2020 MRS Spring Meeting

Call for Papers

In March of this year, MRS leadership made the difficult decision to cancel the 2020 MRS Spring Meeting in Phoenix for the safety and well-being our members, attendees, staff and the materials community, and to reschedule as much of the program as possible into a special 2020 Joint MRS Spring and Fall Meeting.

This one-time-only joint event will take place in Boston, from Saturday, November 28 through Friday, December 4—expanding by one day to provide programming capacity. The program flow for each symposium is under development and will be announced in early July.

Symposium SM02—Progress in Open-Space Microfluidics—From Nanoscience, Manufacturing to Biomedicine

Microfluidics is the engineering discipline that deals with devices and phenomena related to minute amounts of fluids. Beyond traditional sealed microchannels, the open-space microfluidic devices combining with scanning probes enable localization of mass transfer/chemical processes on or near surfaces, providing new opportunities for handling, analyzing, and interacting with nanomaterials and living samples with a lot of freedom to end-users for new class of experiments. Examples include scanning electrochemical microscopy (SECM), fluidic force microscopy (FluidFM), capillary-based artificial nanopore, and various types of microfluidic probes (MFPs). In addition, the localized, continuous material supply on the surface through the open (i.e. pipette-accessible) fluidic apparatus has recently been utilized to develop high resolution (from micro to nano) additive manufacturing, e.g. 3D printing, for diverse functional materials (e.g. polymers, metals, ceramics, 2D materials) with programmed shapes and chemical compositions. The microfluidic-based 3D printing techniques has the potential to fabricate new concept 3D devices in electronics, photonics, and biomedicine. Therefore, the open-space microfluidics can give a broad impact on diverse fields such as materials science, chemistry, biophysics, energy science, and biomedicine. In this symposium, the latest developments on open-space microfluidic techniques and their practical applications to nanoscience and biomedicine will be discussed. The meeting will cover a broad range of analysis and fabrication methods.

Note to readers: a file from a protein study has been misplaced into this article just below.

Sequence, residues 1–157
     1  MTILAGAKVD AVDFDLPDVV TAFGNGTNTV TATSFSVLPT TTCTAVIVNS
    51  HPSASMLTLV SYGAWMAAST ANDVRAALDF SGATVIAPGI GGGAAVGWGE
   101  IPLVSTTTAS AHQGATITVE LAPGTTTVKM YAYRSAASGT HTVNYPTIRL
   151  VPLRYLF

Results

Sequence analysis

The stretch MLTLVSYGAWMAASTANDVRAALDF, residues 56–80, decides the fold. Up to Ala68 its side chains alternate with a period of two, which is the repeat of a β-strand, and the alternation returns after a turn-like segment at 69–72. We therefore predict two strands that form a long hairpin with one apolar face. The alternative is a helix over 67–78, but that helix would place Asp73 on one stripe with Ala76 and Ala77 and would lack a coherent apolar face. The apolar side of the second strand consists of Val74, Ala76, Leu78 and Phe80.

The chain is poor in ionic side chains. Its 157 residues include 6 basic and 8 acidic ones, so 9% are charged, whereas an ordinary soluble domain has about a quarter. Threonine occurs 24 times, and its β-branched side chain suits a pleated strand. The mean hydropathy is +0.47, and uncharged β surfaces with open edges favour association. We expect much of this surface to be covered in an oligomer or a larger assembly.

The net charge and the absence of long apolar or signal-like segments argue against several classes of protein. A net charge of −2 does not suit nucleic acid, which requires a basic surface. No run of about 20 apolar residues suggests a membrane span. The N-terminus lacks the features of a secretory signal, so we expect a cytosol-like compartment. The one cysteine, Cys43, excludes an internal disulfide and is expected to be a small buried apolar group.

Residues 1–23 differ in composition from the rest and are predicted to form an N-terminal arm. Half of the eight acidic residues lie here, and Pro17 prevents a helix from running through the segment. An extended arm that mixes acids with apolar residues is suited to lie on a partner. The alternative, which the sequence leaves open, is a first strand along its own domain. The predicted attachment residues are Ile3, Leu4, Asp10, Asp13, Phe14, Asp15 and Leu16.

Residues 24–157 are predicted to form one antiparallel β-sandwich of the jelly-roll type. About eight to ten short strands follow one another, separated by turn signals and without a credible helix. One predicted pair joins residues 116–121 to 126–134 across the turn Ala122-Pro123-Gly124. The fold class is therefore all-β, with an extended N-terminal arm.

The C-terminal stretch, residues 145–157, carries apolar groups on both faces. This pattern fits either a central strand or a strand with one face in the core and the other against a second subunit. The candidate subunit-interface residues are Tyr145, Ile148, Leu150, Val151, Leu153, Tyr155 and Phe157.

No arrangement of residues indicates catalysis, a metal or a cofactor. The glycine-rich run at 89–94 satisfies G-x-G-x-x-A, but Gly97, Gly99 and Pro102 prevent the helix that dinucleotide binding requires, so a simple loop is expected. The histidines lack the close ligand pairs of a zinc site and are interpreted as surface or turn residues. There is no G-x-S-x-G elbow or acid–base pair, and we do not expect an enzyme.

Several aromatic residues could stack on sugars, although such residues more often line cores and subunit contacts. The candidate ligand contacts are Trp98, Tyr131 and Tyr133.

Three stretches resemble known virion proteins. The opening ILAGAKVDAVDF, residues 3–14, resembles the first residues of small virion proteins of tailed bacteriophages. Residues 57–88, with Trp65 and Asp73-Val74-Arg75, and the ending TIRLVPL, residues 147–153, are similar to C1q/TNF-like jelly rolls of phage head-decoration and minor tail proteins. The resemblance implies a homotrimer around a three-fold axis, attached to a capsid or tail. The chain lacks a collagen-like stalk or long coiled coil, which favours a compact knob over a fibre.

Topics will include:

  • Development of new open-space microfluidic techniques
  • Scanning electrochemical microscopy (SECM)
  • Fluidic force microscopy (FluidFM)
  • 3D printing methods and their applications
  • Microfluidic probe for non-classical cell handling
  • Nanocapillary-based nanopore biosensors
  • All areas of materials science, chemistry, and biomedicine related to advanced microfluidics

Invited Speakers:

  • Moran Bercovici (Technion–Israel Institute of Technology, Israel)
  • Michael Dickey (North Carolina State University, USA)
  • Wonho Jhe (Seoul National University, Republic of Korea)
  • Woo Soo Kim (Simon Fraser University, Canada)
  • Yang-Rae Kim (Kwangwoon University, Republic of Korea)
  • Michael McAlpine (University of Minnesota, USA)
  • Alfonso Ngan (University of Hong Kong, China)
  • Jaeyeon Pyo (Korea Electrotechnology Research Institute, Republic of Korea)
  • Maxim Shusteff (Lawrence Livermore National Laboratory, USA)
  • Jadranka Travas-Sejdic (The University of Auckland, New Zealand)
  • Patrick Unwin (The University of Warwick, United Kingdom)
  • Minfeng Yu (Georgia Institute of Technology, USA)
  • Tomaso Zambelli (ETH Zürich, Switzerland)

Symposium Organizers

Ji Tae Kim
The University of Hong Kong
Department of Mechanical Engineering
Hong Kong
+852 3917-2631, jtkim@hku.hk

Qiang Huang
The University of Alabama
Department of Chemical and Biological Engineering
+1 205-348-4581, qhuang@eng.ua.edu

Govind Kaigala
IBM Research–Zurich
+41 44-724-8929, gov@zurich.ibm.com

Seung Kwon Seol
Korea Electrotechnology Research Institute
Nano Hybrid Technology Research Center
Republic of Korea
+82 55-280-1462, skseol@keri.re.kr